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Course content

The MPhil in Health, Medicine and Society is a full-time one year course run jointly by the Departments of History and Philosophy of Science, Sociology and Social Anthropology. It introduces students from a range of backgrounds to research skills and specialist knowledge relevant to their research interests, and provides them with the opportunity to carry out focused research under close supervision by senior members of the University. Students will develop a critical and well-informed understanding of discourses of history, philosophy, sociology and anthropology of health and medicine, and those intending to go on to doctoral work will learn the skills needed to help them prepare a well-planned and focused PhD proposal.

Students complete three essays over the course of the year, working closely with supervisors to address a range of topics covered by the core and optional modules. They will also write a dissertation on a topic of their choice, refined in consultation with their supervisor. A dissertation workshop gives students the opportunity to gain experience of presenting their own work and discussing the issues that arise from it with an audience of their peers and senior members of staff.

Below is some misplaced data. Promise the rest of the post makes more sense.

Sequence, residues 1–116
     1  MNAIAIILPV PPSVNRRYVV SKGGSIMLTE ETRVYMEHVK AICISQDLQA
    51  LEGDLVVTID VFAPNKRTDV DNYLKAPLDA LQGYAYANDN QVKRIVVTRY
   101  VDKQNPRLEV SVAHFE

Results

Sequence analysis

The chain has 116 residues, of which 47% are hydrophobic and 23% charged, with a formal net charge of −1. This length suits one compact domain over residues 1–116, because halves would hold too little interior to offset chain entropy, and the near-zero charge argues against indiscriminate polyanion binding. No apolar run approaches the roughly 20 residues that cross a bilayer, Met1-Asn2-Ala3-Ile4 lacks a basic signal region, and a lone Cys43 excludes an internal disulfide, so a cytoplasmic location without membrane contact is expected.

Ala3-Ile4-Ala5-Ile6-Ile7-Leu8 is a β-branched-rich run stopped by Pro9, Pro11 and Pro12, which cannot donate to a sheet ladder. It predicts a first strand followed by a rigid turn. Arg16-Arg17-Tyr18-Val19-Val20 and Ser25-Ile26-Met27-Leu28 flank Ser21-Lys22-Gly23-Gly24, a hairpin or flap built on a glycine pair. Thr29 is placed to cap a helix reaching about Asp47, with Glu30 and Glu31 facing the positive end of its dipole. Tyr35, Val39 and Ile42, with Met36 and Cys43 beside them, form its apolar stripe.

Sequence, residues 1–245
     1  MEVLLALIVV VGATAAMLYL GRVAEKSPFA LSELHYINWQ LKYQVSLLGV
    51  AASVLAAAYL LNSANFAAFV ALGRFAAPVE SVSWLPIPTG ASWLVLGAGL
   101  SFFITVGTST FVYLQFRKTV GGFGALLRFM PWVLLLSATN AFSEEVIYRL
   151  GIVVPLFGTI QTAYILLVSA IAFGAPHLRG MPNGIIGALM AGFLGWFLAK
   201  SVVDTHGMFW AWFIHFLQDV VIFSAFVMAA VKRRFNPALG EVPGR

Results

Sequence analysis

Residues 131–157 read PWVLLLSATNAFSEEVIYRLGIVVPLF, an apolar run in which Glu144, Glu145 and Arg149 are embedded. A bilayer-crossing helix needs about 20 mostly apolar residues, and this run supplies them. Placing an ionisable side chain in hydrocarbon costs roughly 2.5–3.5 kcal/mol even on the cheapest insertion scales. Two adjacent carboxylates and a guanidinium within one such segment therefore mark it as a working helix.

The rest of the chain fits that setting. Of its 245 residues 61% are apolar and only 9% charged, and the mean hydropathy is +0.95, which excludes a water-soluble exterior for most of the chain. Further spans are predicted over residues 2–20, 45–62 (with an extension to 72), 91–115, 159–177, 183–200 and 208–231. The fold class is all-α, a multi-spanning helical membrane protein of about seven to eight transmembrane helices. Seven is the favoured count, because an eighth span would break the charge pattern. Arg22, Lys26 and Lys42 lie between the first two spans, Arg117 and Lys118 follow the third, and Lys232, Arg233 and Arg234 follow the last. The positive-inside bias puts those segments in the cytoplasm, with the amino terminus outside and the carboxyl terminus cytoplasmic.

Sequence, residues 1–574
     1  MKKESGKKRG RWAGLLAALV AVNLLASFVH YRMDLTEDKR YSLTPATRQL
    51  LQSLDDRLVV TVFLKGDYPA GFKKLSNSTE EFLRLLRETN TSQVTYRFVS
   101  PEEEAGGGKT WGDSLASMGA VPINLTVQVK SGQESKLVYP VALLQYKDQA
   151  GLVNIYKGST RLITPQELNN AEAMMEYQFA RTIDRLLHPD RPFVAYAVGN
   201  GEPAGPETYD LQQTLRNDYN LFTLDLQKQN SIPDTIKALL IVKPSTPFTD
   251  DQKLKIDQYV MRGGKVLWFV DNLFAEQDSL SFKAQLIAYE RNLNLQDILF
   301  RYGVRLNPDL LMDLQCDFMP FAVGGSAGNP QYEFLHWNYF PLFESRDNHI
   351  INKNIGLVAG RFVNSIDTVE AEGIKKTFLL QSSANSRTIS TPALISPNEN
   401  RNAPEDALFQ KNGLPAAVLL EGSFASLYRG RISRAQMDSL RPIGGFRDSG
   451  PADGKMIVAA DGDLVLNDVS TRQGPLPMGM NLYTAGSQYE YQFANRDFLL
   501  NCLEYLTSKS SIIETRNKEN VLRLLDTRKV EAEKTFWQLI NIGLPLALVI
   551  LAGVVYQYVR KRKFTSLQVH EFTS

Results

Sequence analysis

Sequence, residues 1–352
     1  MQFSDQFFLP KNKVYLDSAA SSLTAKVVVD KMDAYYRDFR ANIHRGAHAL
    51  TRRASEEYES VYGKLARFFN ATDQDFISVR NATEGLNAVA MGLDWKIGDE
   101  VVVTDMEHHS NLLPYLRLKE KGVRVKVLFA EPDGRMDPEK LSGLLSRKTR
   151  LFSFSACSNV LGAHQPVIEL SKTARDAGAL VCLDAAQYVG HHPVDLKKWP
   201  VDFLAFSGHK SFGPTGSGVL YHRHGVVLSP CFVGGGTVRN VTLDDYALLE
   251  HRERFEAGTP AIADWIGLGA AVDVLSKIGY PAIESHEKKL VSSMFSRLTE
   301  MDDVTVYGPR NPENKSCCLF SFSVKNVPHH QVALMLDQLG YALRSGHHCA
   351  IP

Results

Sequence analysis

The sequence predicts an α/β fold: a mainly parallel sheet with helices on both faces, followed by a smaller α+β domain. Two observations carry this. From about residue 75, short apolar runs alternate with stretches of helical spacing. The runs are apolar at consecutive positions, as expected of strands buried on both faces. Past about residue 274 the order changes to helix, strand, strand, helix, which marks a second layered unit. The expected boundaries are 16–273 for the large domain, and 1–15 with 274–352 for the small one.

Learning Outcomes

Graduates of the course will have developed a deeper knowledge of their chosen areas of history, philosophy, sociology and social anthropology of health and medicine and of the critical debates within them. They will have acquired a conceptual understanding that enables the evaluation of current research and methodologies in these disciplines, and formed a critical view of interactions between health, medicine and society.

By the end of the course, graduates will also have acquired a range of technical and transferable skills. They will have acquired or consolidated methodological, linguistic, technical and ancillary skills appropriate for research in their chosen area. They will also have demonstrated the ability to make independent judgements based on their own research, presented their own ideas and arguments in a public forum and learned to contribute constructively within an international environment.


There are four core taught modules for this course, and eight optional modules. Each module consists of four 1.5 hour seminars. All students are expected to attend all four core modules, which run in Michaelmas Term, and at least two optional modules, which run in Lent. Core modules provide advanced introductions to their disciplines:

  • History of Medicine
  • Medical Anthropology
  • Medical Sociology
  • Philosophy and Ethics of Medicine

Optional modules address a range of topics, which vary from year to year and reflect current staff research interests, from different disciplinary perspectives. Past topics have included reproduction, global health, public and environmental health, epistemology of medical research, and anthropologies of food and nutrition.

Students are also encouraged to participate in the research seminars and reading groups that run across the three Departments, and receive regular supervision on their written work. They can expect two hours of supervision on each of the three essays they complete, and four hours for the dissertation.